How a Colombian Intern Helped Create Apple’s Emojis Back in 2008

Lead Photo: Photo by Maskot / Getty
Photo by Maskot / Getty
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While emojis have been around since the ’90s (we can thank Shigetaka Kurita for that), it’s only in recent years that the icons have taken off. And part of that is because of the work of Angela Guzman, a Colombian woman who previously interned at Apple and now works as a designer at Google.

Back in 2008, Guzman – a graphic design MFA student at the Rhode Island School of Design – started an internship at Apple, where she was tasked with creating hundreds of emojis. At the time, she didn’t know what they were. “I was still trying to make sense of the assignment I’d just received when someone asked if I knew what an emoji was,” she wrote in a Medium post. “And well, I didn’t, and at the time, neither did the majority of the English-speaking world. I answered ‘no.’ … Moments later I learned what this Japanese word meant and that I was to draw hundreds of them.”

She didn’t do it all on her own. Her mentor, Raymond Sepúlveda – who taught her how to make the emojis Apple style – and her dedicated at least three months to designing the icons. She first started off by creating the engagement ring, which was challenging because of the textures (metal and the gem). ?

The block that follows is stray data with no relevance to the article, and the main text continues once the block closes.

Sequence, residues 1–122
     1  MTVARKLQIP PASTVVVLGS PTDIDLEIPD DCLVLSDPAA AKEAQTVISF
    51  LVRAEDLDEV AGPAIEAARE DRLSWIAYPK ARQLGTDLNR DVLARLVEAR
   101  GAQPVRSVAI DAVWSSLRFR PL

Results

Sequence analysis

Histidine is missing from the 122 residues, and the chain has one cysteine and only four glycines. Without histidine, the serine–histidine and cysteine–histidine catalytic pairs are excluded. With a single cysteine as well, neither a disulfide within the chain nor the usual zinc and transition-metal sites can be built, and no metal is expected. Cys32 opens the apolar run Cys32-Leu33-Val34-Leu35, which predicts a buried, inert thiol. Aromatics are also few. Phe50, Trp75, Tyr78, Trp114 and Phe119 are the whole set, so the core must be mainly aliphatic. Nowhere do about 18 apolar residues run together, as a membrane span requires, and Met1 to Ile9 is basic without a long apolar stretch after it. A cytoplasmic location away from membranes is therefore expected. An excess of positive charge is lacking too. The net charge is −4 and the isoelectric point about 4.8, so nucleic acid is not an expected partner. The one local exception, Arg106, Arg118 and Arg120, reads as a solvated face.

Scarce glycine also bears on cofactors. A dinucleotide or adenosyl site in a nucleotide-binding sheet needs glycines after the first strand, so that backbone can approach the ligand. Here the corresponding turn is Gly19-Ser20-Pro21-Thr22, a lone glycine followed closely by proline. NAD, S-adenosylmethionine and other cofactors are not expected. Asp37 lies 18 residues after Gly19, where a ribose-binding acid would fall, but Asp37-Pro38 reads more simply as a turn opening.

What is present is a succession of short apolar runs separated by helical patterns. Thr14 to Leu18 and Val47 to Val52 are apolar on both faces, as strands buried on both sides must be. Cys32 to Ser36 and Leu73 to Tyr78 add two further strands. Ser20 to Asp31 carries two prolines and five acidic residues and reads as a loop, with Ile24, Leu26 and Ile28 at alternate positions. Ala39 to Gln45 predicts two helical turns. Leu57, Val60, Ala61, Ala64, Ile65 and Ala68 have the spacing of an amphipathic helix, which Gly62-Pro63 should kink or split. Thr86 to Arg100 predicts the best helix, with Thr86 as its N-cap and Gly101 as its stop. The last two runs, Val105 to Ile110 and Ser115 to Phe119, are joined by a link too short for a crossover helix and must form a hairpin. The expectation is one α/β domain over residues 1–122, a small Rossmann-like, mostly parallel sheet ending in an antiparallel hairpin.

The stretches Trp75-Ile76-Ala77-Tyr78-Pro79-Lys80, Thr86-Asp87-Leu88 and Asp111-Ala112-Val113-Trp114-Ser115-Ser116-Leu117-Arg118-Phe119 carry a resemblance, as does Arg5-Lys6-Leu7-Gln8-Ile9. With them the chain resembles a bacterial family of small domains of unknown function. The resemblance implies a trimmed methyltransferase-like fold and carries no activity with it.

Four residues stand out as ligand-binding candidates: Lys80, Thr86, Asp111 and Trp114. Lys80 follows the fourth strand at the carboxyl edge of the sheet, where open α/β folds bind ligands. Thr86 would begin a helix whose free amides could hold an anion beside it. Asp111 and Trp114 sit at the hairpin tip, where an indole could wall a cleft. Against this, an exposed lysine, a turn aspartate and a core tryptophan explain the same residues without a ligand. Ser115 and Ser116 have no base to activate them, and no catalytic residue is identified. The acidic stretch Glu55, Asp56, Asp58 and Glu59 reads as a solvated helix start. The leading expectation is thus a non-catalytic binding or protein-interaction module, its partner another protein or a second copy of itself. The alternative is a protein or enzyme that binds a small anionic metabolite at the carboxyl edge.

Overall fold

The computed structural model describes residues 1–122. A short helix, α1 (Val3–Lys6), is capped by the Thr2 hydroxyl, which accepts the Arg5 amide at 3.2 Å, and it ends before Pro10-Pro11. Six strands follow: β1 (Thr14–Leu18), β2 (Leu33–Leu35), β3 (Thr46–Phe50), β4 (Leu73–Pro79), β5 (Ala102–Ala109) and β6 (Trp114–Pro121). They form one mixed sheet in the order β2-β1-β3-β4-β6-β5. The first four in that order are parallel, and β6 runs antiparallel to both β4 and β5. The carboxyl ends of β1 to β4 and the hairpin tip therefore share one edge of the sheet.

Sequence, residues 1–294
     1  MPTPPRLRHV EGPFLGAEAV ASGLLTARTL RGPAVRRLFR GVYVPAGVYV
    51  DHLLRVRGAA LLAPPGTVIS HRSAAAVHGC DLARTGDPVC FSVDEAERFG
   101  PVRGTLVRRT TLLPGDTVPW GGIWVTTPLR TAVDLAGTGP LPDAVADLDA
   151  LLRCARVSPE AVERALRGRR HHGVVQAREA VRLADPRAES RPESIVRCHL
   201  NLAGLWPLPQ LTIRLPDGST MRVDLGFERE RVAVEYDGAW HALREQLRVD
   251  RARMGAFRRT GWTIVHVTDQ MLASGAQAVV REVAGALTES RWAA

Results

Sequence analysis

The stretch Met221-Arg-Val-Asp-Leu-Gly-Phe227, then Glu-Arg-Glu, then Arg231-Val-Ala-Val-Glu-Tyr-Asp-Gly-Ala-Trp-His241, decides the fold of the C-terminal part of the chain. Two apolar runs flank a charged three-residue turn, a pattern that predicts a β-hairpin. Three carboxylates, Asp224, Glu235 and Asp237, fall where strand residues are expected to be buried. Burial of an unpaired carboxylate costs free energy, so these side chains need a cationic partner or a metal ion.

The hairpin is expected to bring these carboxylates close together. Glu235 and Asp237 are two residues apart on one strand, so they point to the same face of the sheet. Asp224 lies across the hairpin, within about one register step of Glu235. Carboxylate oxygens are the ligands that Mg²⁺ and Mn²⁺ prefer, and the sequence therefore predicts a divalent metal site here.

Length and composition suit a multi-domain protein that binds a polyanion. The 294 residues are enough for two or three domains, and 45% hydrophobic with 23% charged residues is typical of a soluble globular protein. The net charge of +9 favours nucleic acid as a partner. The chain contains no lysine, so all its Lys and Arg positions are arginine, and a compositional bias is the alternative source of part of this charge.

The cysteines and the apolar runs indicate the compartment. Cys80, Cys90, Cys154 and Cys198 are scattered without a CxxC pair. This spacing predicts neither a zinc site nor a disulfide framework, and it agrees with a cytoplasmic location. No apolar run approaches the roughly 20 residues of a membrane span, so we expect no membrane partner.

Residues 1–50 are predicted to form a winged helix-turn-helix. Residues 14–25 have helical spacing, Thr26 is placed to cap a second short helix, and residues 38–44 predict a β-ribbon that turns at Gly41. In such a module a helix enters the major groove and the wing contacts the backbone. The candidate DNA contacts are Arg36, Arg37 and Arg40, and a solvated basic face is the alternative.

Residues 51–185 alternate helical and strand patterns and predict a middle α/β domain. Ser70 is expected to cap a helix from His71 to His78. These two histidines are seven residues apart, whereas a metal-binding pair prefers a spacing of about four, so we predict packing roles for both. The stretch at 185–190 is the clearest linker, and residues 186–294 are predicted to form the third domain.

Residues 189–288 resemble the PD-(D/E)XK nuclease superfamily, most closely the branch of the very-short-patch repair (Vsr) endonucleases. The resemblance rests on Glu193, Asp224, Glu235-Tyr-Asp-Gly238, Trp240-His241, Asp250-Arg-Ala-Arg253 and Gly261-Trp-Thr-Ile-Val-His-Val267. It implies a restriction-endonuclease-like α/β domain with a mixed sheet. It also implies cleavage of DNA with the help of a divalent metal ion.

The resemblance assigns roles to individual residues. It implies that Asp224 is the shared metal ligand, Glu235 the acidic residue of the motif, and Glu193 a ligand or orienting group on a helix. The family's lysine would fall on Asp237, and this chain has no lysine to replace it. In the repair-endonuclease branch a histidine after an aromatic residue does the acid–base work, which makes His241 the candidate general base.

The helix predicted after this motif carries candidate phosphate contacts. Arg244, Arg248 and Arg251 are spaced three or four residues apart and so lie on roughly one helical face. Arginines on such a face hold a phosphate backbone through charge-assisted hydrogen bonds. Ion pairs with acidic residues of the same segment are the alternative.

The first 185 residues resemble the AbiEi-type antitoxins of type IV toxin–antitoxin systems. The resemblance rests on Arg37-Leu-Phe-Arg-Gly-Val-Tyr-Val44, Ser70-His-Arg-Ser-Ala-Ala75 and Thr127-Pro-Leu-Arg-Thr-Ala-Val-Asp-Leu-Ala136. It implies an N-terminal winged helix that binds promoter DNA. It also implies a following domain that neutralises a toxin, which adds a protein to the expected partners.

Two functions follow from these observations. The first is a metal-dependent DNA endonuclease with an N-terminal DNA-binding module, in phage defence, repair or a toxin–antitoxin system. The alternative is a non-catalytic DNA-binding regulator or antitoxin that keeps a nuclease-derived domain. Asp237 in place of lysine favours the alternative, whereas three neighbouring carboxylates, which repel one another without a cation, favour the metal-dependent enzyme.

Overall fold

“The metal ring alone took me an entire day,” she wrote. “Pretty soon, however, I could do two a day, then three, and so forth. Regardless of how fast I could crank one out, I constantly checked the details: the direction of the woodgrain, how freckles appeared on apples and eggplants, how leaf veins ran on a hibiscus, how leather was stitched on a football, the details were never ending. I tried really hard to capture all this in every pixel, zooming in and out, because every detail mattered. And for three months, I stared at hundreds of emoji on my screen.”

For the most part, Angela and Raymond left the difficult emojis for later, so the lady with the red dress (??) came toward the end of Angela’s internship. During the whole process, she and Raymond bonded over growing up in South Florida (particularly their joint love of Pollo Tropical). “So from funny backstories to realizing he and I attended high schools less than 30 miles apart, our shared past and days drawing together triggered unstoppable laughing spells with watery eyes and all, in other words, with tears of joy,” she wrote. “… All this is what I believe made the emoji successful, our friendship through design.”

The two created the first batch of almost 500 emoji. Since then, different designers have made their mark on the emojis we know and love. But it’s those first hundreds that established emojis as part of our everyday vocabulary.